On The City of Thieves by David Benioff

It’s been awhile since I’ve read a novel with a male protagonist. I’m more drawn to books with female heroines. Am I girly? Maybe. I guess I just feel like I can relate to the female protagonists better. That said, some of the best books I’ve read have male protagonists. This is one of them.

 City of Thieves is narrated by Lev Beniov, an awkward 17-year-old Russian living in Lenningrad during World War II.  Lev is arrested for looting the body of a dead Nazi solider. In jail he meets Kolya, a charismatic literature student who has been accused of deserting the Russian army. Lev expects that they will be executed, and is surprised when he and Koyla are given a mission instead. A colonel orders them to find a dozen eggs for his daughter’s wedding cake, an impossible task in a city that is starving.

As Lev and Koyla search for the eggs, they encounter cannibals, prostitutes in distress and cruel Nazis. They bond through a series of adventures and narrow escapes. In many respects, Lev and Koyla are polar opposites. One is pragmatic; the other idealistic. One is a patriot; the other quietly rebellious against his government.  City of Thieves is definitely a bromance; the friendship between Lev and Koyla is both comic and heartwarming.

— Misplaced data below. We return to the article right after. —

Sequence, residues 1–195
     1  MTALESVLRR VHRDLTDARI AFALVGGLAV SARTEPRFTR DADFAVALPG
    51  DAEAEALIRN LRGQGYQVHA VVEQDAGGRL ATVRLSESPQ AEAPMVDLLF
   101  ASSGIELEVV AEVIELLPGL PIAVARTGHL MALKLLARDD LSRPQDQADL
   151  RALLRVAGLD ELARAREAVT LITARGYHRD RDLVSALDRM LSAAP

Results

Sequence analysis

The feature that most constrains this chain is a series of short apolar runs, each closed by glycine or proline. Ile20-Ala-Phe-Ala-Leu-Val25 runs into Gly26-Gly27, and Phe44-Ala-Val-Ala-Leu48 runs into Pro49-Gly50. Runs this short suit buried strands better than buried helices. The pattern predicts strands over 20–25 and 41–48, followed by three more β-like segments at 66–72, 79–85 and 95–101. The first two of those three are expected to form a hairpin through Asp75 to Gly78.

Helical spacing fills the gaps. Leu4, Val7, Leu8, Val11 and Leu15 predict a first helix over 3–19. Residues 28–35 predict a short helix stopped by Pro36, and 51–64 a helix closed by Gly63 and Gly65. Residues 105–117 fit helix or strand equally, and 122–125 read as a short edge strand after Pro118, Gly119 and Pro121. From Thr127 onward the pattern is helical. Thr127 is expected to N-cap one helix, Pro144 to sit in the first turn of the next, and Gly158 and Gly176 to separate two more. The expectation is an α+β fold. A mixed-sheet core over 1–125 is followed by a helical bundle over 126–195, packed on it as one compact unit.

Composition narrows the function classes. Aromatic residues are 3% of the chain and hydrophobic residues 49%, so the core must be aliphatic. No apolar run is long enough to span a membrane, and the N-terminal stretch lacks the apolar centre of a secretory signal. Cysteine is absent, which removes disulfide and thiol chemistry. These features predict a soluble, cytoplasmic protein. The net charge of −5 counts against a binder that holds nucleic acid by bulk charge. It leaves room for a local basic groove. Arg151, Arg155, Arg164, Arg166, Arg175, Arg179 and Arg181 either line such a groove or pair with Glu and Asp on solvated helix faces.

The book itself is also a bit of a mystery. Is it a novel or a biography or something between the two? In a NY Times book review, Boris Fishman notes: “In a recent interview, Benioff said the novel’s first chapter was pure invention — that all four of his grandparents were born in the United States. But in the bound galleys of the novel he thanked his grandfather for his ‘patience with my late-night phone calls’ about the blockade. The final version of the book doesn’t carry that acknowledgment. What gives?”

Whether is pure fiction or based on reality, City of Thieves relates important truths about a terrifying period in history. I highly recommend it.